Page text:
The appeal was filed by Ritesh Sinha which had challenged the order of obtaining a voice sample from him. The appeal was dividedly dealt with by the Supreme Court composed of two-bench, Justice Prakash Desai and Justice Aftab Alam. While dealing with the appeal, the two principal questions were raised before the Court. The first issue was whether Article 20(3) protects the accused person compelling him to give a voice sample for investigation or not. The second issue was whether the Magistrate could direct the accused person to give the voice sample without the absence of provisions. Before answering both the issues, Justice Prakash Desai contended that if the phrase “voice sample” is added as other tests in Explanation (a) to Section 53 of Code of Criminal Procedure, 1973 through the application of ejusdem generis, then the Magistrate is authorized to direct the accused person to give the voice sample for inquiry in the Criminal matters whereas Justice Aftab Alam contended that the accused person can be forced to give the voice sample if such law is passed by the legislature.
For the first issue, the Court had relied on the issue which was raised in State of Bombay vs. Kathi Kalu Ogad. The issue raised in the case of Kathi Kalu Ogad was whether the taking of specimen handwriting of the accused to determine his guilt would amount to infringement of right against self-incrimination under Article 20(3) of the Constitution. The answer to this issue was given by Chief Justice B.P. Sinha opined that Article 20(3) of the Constitution of India is only applicable when an accused person is compelled to incriminate himself. He added that self Incrimination includes the evidence given by the accused person when he is under compulsion to do so and such evidence is based on the personal knowledge of the other person but it does not depend on the knowledge of the accused person. He contended that the violation of Article 20(3) occurs if the force is applied to the accused person who incriminates against himself. He opined that a specimen of signature or fingerprint is obtained to confirm that the inference made by the Court is true. He added that these pieces of evidence are neither in the category of oral or documentary evidence and thus, they are regarded as the third category which is beyond the evidence.
The court stated that the judicial interpretation can be given in such cases where there are shortcomings in the letter of the law. For the second issue, the Court had referred to Section 53, 53-A, and Section 311 which were added when the Code of Criminal Procedure was amended. These amendments were referred to for ascertaining the power of the Magistrate to give direction to the accused person in the cases where the accused has to undergo medical examination for the alleged offences committed by him or where the specimen of handwriting or signature is required for inquiry or procedure under the Cr.P.C. But, this amendment does not include any provision which could empower the Magistrate to order any person or accused person to supply the voice sample for the inquiry. No laws relating to this issue were made by the Legislature and so, the confusion in the mind of Justice Aftab Alam arose while determining whether the Legislature was in favour of debarring or deletion of this provision so as not to enable the courts to give the judicial interpretation. To clear the confusion, the Court had referred to the 87th report of the Law Commission of India. The Court had also referred to the judgment given in State of Uttar Pradesh v. Ram Babu Mishra, which held that in the absence of any specific provision, the Magistrate could not direct the accused person to give his specimen signatures and writing samples. The Court suggested that suitable legislation may be made on the analogy of Section 5 of the Identification of Prisoners Act, to provide for the investiture of Magistrates with the power to issue directions to any person, including an accused person, to give specimen signature and writings.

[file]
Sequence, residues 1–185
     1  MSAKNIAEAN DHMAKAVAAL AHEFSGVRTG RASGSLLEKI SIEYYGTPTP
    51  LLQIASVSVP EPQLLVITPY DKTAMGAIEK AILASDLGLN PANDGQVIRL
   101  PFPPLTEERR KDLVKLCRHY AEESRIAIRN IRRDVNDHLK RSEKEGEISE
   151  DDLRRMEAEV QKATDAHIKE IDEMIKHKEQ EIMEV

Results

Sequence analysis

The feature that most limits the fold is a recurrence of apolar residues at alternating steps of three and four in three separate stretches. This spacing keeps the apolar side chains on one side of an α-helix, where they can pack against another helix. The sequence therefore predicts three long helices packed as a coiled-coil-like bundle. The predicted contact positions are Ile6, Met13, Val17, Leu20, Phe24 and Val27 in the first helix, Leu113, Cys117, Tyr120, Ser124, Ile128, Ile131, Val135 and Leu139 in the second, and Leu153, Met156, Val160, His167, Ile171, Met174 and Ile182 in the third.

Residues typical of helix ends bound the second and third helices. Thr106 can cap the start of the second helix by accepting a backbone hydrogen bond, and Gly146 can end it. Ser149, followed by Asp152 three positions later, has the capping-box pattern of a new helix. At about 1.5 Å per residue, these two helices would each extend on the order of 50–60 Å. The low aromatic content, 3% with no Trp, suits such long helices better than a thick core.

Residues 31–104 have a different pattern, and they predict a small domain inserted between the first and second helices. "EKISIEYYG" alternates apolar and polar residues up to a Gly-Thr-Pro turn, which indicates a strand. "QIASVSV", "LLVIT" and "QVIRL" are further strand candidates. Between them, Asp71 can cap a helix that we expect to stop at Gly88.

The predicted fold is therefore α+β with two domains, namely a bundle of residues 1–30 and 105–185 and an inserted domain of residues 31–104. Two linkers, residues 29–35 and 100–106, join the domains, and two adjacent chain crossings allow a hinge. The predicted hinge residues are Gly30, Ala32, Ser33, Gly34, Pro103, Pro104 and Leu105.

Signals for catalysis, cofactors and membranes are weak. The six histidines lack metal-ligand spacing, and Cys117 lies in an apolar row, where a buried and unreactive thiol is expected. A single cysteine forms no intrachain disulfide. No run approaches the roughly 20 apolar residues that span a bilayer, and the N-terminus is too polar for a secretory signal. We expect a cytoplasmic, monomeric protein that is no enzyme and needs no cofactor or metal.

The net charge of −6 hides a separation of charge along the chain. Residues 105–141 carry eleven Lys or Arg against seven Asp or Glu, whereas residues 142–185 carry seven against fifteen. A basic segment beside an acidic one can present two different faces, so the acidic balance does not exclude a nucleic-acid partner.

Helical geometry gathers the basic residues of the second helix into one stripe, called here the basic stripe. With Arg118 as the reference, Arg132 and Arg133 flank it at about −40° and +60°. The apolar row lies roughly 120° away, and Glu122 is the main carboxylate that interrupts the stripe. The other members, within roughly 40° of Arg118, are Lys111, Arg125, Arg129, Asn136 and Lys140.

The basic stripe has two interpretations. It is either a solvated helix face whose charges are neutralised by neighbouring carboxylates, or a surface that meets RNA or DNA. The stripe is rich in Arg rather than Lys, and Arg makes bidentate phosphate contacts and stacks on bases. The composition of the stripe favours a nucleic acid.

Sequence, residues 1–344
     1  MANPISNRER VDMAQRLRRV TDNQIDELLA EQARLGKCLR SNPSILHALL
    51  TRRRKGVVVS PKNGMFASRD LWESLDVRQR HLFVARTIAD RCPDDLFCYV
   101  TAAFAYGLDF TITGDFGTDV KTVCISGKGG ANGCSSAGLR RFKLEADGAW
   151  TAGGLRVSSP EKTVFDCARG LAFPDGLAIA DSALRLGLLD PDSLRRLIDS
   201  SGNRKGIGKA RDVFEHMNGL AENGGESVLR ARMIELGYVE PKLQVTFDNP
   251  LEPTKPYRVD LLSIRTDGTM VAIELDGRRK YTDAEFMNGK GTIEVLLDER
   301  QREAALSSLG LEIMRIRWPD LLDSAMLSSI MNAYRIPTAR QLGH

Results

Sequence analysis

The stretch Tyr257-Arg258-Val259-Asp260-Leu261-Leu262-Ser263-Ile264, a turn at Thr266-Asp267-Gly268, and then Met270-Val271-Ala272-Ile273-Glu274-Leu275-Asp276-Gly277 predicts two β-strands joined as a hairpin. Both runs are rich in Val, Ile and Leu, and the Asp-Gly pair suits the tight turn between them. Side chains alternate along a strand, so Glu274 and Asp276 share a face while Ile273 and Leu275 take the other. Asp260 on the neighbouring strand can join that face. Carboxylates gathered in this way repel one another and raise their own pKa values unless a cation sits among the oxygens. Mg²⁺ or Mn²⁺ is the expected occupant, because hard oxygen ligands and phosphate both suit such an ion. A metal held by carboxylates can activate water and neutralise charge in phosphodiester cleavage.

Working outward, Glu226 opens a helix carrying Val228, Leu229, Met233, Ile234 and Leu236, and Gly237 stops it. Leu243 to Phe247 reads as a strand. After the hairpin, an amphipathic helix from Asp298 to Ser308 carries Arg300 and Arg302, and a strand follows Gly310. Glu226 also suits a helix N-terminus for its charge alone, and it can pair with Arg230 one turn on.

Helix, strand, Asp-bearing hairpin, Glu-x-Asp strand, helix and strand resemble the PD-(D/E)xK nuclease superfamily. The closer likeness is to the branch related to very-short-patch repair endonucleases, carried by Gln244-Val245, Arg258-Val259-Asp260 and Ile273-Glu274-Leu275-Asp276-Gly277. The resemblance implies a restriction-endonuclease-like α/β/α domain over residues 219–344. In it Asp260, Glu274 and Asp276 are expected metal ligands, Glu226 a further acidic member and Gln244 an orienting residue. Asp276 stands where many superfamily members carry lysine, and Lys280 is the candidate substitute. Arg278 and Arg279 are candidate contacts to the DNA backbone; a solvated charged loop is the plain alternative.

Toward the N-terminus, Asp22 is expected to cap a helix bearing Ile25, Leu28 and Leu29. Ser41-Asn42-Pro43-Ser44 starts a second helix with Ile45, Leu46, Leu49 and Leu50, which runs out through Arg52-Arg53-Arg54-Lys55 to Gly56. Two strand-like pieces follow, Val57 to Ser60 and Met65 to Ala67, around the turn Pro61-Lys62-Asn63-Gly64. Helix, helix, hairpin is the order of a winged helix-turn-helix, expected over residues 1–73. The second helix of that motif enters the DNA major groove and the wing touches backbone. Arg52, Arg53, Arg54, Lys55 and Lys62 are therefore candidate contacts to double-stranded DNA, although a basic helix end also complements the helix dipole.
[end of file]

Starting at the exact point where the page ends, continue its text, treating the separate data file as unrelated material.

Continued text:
The decision of the Court
Before coming to the decision, the question was raised before the court that the order of the court to take the voice sample would infringe the right to privacy under Article 20(3) of the Constitution of India. The Court had relied on the judgment given in Modern Dental College and Research Centre and others vs. State of Madhya Pradesh and others, Gobind vs. Madhya Pradesh and another, K.S. Puttuswamy and others vs. Union of India and others state that the fundamental right to privacy cannot be infringed when the accused is compelled under the direction of the Magistrate to give the voice sample for inquiry in a criminal matter. The Court decided that the Magistrate is empowered to direct the accused person to give his voice sample for criminal investigation until the subsequent provisions are embedded by the Legislature and thus, such power has been given to the Magistrate under Article 142 of the Constitution of India. Therefore, the appeal of Ritesh Sinha was rejected by the Court.
Can investigative agencies be allowed to take voice samples of the accused?